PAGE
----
If the GOP keeps rejecting "quote-unquote establishment candidates," Democrats like Utah's Rep. Jim Matheson "will have an opportunity in the future," Wasserman Schultz said.

Matheson, Utah's only Democrat in Congress, is already being talked about as a challenger to Lee in 2016, along with several Republicans. Lee's favorability ratings were below 50 percent in both a Deseret News/KSL and a BYU poll.

Lee's "shutdown politics," Wasserman Schultz said, are "way more than even the people who supported Mike Lee initially bargained for. This is not what they thought they are signing up for when they elected these guys."

The Tea Party Express' Kremer said the tea party has more resolve than ever to take on any challengers. She said if Lee does face a Republican opponent, "there will be an uprising from the grass roots like you've never seen before."

She praised Lee and Palin, who asked to appear at the coalition fundraiser after Lee was set as the keynote speaker, as "rock stars in the movement" who will generate plenty of excitement.

Kremer, based in Atlanta, said that excitement will further ignite the tea party in what she agreed was a war with the party establishment.

"They've never helped us. We have accomplished what we've accomplished because of our hard work," Kremer said. "The tea party movement is a threat to the powerbrokers, the power structure of the Republican Party."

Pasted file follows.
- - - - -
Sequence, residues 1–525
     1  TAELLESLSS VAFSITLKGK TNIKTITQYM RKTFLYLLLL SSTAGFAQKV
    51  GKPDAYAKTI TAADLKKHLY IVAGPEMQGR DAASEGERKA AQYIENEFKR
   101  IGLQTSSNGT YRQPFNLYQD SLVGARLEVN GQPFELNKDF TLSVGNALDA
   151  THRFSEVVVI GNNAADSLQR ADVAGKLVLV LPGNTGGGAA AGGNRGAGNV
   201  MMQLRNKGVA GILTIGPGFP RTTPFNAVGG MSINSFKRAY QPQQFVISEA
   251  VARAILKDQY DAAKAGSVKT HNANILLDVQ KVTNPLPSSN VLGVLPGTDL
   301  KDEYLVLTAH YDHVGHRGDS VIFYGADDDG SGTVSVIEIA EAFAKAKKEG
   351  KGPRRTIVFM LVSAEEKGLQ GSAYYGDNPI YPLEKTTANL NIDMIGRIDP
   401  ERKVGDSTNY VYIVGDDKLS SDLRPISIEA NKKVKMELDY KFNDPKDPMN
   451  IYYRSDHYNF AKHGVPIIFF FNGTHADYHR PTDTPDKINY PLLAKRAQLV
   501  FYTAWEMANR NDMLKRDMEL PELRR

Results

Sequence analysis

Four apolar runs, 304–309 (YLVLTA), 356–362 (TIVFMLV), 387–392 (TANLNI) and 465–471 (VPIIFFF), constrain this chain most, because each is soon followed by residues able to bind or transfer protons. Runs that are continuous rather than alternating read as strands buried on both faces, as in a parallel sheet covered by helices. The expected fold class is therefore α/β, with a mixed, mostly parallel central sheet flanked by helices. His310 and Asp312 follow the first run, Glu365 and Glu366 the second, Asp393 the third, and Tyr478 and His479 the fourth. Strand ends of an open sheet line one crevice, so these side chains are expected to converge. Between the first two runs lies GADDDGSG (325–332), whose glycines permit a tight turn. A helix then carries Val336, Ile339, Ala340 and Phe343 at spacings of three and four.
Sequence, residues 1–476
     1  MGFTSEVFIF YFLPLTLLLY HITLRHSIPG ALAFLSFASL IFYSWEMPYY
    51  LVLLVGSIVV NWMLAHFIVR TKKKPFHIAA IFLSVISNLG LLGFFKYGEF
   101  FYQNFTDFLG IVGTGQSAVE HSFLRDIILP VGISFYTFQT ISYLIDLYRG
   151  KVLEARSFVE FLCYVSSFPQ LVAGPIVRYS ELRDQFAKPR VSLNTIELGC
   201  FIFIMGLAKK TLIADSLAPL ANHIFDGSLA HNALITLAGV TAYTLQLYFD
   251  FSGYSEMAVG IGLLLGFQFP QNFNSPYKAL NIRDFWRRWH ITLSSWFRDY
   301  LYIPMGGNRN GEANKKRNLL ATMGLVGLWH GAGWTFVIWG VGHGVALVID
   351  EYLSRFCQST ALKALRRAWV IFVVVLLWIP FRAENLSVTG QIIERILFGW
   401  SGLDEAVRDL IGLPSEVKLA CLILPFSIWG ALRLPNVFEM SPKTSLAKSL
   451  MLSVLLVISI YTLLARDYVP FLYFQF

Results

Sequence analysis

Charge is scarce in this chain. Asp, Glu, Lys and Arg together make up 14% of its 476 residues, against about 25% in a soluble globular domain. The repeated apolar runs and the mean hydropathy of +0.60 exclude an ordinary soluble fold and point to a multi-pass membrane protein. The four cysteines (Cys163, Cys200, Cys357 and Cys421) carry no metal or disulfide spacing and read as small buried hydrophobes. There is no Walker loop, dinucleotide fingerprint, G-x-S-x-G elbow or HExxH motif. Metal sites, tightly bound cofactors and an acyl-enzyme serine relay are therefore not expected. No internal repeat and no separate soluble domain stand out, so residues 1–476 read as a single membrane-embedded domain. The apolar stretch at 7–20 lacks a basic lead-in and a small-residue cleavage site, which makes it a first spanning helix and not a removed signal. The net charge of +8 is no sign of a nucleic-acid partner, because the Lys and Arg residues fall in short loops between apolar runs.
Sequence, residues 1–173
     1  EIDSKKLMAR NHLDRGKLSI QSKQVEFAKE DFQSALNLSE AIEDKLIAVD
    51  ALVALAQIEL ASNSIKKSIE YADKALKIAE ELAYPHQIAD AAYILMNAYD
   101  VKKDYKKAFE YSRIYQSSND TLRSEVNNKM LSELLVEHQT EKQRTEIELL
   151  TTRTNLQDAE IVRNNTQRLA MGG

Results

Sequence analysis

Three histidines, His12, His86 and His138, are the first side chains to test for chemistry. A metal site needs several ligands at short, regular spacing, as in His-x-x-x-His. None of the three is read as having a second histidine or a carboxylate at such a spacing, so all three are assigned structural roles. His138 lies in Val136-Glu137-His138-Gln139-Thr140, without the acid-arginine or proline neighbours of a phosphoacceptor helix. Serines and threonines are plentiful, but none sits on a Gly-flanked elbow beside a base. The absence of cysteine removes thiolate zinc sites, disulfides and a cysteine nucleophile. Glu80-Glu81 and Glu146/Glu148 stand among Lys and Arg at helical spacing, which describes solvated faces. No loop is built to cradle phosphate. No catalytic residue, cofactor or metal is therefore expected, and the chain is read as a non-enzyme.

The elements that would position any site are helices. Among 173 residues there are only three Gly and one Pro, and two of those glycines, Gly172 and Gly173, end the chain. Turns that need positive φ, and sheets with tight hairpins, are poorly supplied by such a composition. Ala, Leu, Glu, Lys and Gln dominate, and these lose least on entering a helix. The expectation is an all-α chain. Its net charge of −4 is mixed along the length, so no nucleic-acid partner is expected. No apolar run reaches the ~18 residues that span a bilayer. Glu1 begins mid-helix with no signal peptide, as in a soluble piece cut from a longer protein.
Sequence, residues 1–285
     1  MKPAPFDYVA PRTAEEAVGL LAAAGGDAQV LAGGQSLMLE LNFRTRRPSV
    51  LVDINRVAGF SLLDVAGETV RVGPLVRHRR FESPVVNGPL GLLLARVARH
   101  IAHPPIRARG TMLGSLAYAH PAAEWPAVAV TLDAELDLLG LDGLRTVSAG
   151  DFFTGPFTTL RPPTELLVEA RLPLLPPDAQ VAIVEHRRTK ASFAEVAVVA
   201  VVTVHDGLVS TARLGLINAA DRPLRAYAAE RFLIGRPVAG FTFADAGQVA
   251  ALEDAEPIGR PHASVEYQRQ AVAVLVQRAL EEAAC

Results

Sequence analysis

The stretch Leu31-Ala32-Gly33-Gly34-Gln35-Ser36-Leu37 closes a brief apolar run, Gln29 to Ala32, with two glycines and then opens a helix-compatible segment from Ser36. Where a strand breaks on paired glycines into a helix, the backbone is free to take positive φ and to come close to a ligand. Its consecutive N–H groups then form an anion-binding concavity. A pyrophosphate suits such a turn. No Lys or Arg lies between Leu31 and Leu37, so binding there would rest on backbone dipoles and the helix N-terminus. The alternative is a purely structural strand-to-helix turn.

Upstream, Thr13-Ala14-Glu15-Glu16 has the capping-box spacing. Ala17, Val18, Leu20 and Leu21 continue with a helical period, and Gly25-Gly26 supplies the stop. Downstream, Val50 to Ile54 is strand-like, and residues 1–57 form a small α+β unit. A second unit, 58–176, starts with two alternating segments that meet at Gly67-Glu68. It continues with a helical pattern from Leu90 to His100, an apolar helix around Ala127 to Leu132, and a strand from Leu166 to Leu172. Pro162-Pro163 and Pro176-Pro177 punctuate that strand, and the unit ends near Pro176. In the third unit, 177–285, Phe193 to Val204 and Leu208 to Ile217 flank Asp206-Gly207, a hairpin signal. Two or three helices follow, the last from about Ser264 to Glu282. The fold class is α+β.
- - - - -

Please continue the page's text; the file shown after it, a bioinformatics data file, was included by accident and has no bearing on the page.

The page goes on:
Mahmoud Hamad, a political science professor at Drake University in Des Moines, said there is concern among the GOP establishment in Iowa that the tea party's "very conservative outlook has taken away from the appeal of the party."

Hamad, who taught at the University of Utah and BYU, described the relationship between Iowa's evangelical Christian and tea party Republicans as "more of a marriage of convenience" that may not last.

To remain relevant through the 2016 presidential race, the tea party must field winning candidates, he said, especially in 2014 when control of the U.S. House and Senate will be up for grabs.

"If the tea party can't prove they can win and win decisively, … I think they will be in a serious defensive position, and I don't think they will be able to push forward a candidate like Ted Cruz" for president," Hamad said.

Cruz has already visited Iowa, traditionally the first state to vote in presidential races. Saturday's appearance will be Lee's first in Iowa, but Lee has said he has no aspirations to run for the White House.

Hamad said it's too soon to rule out Lee or anyone else.

"I don't know if he is going to be seen as a presidential candidate. I think the field is growing," the professor said. "There are many who want to be in the spotlight for the Republican presidential nomination."

Gregg Cummings, founder of the We the People tea party in Iowa and now on the national support team for the Georgia-based Tea Party Patriots, said he hopes more elected officials follow in Lee's footsteps.

Cummings said he met Lee when both were speakers along with Palin and Cruz during a veterans march on the World War II monument in Washington, D.C., during the federal government shutdown.

"I think he's a very mild-mannered but straight shooter. He doesn't seem like he keeps anything back or tries to hide or swindle in any way," Cummings said of Lee. "The more champions like that we get, the stronger the republic will be."